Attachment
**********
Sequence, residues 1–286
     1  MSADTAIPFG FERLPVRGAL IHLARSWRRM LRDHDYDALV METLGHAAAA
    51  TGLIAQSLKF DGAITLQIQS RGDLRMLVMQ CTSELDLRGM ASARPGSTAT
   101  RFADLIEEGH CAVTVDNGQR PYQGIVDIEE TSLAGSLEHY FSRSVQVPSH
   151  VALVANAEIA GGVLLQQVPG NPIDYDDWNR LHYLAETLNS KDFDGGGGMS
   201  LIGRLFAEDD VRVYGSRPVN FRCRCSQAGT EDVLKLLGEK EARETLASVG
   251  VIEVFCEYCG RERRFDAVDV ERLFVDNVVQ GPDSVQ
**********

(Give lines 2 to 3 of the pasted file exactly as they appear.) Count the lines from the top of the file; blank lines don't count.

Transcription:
     1  MSADTAIPFG FERLPVRGAL IHLARSWRRM LRDHDYDALV METLGHAAAA
    51  TGLIAQSLKF DGAITLQIQS RGDLRMLVMQ CTSELDLRGM ASARPGSTAT